Most Americans—including people from every major religious group—predict gay marriage will be legalized nationwide when a hotly anticipated Supreme Court ruling is announced later this month. Among those who favor legalizing same-sex marriage, 80 percent think the high court will rule their way, according to a survey by the Public Religion Research Institute released on June 11. And among those who oppose gay marriage, 47 percent say that’s the likely outcome, too.
Overall, PRRI found that 65 percent of U.S. adults expect a sweep for gay marriage. Only 25 percent predict the Supreme Court will leave existing state bans intact. And despite how contentious public debate has been on this issue for a decade, 10 percent of Americans say they have no opinion.
Yet, even before the marriage ruling is issued, public attention is shifting toward new contentious issues: Should there be nationwide laws banning discrimination for LGBT people in the workplace, housing and public accommodations? Should there be a religious exemption to such laws?
PRRI found that 69 percent of people overall—including a strong majority of all major religious groups—would support nondiscrimination laws. Only 34 percent overall say business owners should be able, based on their religion, to refuse service to LGBT clientele.
But views vary significantly when it comes to religious exemptions for businesses. Here, white evangelicals are the only tradition where a majority (51 percent) support allowing small businesses to refuse products or services to gay and lesbian people on religious grounds.
“They want to support the principle of nondiscrimination while carving out exemptions for themselves,” said Robert Jones, president and CEO of PRRI.
Nonwhite Christians see things differently. Nearly 2 in 3 (63 percent) oppose exemptions to nondiscrimination laws. Jones said the idea of legal loopholes for refusing service may bring up “memories of past experience with segregated lunch counters and businesses refusing to serve them.”
There is no federal employment nondiscrimination law covering LGBT people in all 50 states. But most people don’t know that, said Jones.
“Earlier surveys show many Americans think we already have nationwide, blanket federal laws protecting them. People don’t realize it’s a patchwork of state laws,” he said.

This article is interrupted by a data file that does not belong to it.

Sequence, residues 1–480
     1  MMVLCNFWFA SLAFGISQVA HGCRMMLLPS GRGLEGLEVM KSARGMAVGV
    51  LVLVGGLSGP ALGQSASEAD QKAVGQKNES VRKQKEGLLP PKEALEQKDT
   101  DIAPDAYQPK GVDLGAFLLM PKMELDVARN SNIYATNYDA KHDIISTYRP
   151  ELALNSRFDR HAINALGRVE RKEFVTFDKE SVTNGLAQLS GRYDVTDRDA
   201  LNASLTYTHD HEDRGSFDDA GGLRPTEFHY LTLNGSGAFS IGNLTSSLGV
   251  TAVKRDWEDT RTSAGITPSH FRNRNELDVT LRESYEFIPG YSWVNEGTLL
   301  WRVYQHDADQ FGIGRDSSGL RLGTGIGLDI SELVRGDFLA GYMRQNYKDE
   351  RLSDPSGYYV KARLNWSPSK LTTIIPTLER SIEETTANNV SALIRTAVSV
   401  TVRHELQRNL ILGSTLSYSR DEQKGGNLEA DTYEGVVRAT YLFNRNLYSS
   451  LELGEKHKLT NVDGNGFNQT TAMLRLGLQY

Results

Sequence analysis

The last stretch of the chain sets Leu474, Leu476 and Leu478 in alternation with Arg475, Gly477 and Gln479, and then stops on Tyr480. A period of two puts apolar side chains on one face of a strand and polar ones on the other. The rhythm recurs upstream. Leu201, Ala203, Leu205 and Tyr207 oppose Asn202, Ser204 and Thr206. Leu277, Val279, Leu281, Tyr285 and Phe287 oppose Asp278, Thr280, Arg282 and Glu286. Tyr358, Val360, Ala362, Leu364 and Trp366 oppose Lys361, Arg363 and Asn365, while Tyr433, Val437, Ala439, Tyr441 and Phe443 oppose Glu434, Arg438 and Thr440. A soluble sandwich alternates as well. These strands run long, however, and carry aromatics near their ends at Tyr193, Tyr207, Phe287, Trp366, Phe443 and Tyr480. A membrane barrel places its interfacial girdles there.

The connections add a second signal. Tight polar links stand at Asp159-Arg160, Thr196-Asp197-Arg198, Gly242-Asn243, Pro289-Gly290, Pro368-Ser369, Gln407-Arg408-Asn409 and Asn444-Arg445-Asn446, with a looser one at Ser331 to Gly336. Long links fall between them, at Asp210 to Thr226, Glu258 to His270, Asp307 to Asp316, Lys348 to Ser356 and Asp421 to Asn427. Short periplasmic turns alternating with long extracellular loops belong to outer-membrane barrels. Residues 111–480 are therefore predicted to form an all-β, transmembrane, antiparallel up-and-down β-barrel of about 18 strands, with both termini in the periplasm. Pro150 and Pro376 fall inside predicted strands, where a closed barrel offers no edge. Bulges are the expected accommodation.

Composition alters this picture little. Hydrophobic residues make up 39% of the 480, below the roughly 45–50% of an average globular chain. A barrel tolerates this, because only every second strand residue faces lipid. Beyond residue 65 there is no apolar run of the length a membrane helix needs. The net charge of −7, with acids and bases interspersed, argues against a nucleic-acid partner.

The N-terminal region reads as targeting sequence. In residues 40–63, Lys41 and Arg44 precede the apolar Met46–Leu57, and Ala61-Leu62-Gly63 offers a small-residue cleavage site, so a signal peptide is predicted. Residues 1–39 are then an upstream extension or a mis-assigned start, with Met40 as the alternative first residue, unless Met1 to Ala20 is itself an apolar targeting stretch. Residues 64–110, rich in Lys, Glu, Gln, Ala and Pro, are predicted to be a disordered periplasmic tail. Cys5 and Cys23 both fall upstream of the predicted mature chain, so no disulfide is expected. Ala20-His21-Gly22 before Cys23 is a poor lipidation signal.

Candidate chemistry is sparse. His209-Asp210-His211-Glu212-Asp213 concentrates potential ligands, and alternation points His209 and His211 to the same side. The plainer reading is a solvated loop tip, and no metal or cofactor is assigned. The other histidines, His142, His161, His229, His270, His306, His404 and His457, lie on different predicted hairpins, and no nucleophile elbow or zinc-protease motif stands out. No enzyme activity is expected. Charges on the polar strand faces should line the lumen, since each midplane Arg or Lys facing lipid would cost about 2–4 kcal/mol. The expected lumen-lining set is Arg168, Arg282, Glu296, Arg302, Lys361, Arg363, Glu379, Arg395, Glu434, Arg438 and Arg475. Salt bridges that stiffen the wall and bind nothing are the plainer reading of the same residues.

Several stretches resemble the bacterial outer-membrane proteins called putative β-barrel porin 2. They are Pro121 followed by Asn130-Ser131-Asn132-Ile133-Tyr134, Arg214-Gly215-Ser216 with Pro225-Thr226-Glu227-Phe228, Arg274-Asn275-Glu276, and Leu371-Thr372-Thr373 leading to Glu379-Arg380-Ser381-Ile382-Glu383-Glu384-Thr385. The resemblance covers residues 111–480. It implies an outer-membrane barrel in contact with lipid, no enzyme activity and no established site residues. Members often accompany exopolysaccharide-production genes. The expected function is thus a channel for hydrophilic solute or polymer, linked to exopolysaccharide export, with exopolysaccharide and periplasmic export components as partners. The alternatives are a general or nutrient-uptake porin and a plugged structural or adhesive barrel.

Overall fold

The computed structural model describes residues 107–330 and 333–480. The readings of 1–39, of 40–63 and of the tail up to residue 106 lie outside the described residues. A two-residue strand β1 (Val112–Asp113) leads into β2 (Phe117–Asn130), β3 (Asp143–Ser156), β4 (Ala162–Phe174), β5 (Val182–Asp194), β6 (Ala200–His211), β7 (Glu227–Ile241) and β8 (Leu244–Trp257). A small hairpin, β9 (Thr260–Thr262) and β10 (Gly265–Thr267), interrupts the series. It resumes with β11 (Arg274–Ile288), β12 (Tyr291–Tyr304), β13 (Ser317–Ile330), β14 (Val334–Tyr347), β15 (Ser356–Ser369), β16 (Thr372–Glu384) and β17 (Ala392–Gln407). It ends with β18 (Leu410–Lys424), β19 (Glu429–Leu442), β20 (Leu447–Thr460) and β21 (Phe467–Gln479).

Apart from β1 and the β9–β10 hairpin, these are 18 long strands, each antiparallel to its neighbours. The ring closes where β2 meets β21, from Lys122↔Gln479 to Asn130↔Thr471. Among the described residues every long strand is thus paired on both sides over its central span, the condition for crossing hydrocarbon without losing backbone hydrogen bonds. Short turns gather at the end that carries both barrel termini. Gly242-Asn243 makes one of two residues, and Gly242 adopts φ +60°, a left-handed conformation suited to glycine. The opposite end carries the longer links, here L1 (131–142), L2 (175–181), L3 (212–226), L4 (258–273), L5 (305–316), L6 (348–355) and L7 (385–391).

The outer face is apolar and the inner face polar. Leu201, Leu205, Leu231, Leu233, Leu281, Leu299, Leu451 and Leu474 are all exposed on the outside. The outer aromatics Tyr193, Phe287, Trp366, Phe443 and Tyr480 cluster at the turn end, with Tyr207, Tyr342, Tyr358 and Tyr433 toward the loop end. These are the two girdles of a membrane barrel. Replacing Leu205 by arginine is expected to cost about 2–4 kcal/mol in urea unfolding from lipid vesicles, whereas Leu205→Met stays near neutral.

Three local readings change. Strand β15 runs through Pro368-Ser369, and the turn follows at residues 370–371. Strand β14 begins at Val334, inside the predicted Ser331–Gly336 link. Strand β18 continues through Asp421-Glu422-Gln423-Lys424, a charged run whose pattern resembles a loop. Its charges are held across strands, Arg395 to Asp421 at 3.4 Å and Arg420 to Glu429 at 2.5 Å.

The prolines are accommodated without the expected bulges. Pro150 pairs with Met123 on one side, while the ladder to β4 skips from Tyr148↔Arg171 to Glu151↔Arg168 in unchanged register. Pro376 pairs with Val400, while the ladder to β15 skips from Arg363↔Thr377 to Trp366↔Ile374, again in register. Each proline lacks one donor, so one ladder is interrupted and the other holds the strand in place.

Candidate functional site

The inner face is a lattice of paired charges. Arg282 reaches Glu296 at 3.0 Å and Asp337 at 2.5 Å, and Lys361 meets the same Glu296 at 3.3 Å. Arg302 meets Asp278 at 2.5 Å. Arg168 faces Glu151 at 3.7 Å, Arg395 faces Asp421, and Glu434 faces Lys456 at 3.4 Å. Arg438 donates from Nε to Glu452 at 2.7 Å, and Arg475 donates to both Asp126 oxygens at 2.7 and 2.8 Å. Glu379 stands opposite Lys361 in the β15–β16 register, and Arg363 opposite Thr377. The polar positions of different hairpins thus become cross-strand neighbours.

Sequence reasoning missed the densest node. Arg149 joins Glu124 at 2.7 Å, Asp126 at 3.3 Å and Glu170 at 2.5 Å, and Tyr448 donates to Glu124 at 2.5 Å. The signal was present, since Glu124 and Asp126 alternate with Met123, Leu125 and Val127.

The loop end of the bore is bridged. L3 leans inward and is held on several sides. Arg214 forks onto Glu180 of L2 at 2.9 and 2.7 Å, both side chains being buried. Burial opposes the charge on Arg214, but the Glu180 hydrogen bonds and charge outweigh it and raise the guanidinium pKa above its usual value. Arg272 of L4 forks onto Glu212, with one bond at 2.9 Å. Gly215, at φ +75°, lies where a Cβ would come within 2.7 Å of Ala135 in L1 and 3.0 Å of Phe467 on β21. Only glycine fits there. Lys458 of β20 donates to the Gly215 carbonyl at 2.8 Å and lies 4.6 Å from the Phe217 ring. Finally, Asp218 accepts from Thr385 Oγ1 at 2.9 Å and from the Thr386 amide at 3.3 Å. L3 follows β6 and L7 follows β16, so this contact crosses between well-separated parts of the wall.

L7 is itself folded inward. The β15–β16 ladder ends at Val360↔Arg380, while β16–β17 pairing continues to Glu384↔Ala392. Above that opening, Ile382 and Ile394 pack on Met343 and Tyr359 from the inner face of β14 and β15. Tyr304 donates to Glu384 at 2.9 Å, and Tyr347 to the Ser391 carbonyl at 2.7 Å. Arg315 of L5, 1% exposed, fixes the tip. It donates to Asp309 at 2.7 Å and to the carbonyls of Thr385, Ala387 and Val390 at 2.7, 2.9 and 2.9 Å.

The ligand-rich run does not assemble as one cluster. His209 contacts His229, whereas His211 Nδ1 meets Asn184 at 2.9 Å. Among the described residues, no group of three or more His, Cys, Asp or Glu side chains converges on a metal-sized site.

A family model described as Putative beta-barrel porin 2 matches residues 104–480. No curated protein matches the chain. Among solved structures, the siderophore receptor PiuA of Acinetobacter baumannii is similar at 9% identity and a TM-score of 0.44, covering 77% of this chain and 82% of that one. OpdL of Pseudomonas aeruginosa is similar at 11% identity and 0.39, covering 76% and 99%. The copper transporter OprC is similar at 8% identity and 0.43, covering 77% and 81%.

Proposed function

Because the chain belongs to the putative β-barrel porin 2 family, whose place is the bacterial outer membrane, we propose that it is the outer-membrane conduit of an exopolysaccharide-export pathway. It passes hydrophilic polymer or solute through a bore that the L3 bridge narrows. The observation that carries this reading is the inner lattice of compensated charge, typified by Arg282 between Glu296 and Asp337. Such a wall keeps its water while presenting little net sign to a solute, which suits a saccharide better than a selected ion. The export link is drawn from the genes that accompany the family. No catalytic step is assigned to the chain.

According to the Human Rights Campaign, “there are no state laws in 29 states that explicitly prohibit discrimination based on sexual orientation, and in 32 states that do so based on gender identity. ”
Other key findings from PRRI include:
Age, faith and politics divide Americans. Young adults, Democrats and most Christians, except white evangelicals, favor allowing gay and lesbian couples to marry legally, while 37 percent are opposed. Only 29 percent of white evangelical Protestants and 35 percent of nonwhite Protestants support making same-sex marriage legal.
Respondents support discrimination protections for LGBT people. Nearly 7 in 10 (69 percent) Americans, including majorities across the religious spectrum, favor laws that would protect LGBT people against discrimination in jobs, public accommodations and housing, compared with 25 percent who oppose such policies.
Few approve of allowing religious exemptions for small businesses. Six in 10 (60 percent) Americans oppose allowing a small business owner to refuse products or services to gay and lesbian people, even if doing so violates their religious beliefs. White evangelical Protestants (51 percent) are the only religious group in which a majority favors religious exemptions.
Almost everyone knows someone LGBT. About 2 in 3 (65 percent) say they have a close friend or family member who is gay or lesbian; 35 percent know someone bisexual and 11 percent know someone transgender. The friend-or-family tally is sharply higher among millennials.
Transgender people face “a lot of discrimination.” Majorities, including 72 percent of people with no religious identity, 68 percent of Catholics, 60 percent of white mainline Protestants and 53 percent of nonwhite Protestants, agree on this. The only exception is white evangelicals: 49 percent in this group say transgender people face “a lot of discrimination,” while 37 percent disagree and 15 percent had no opinion.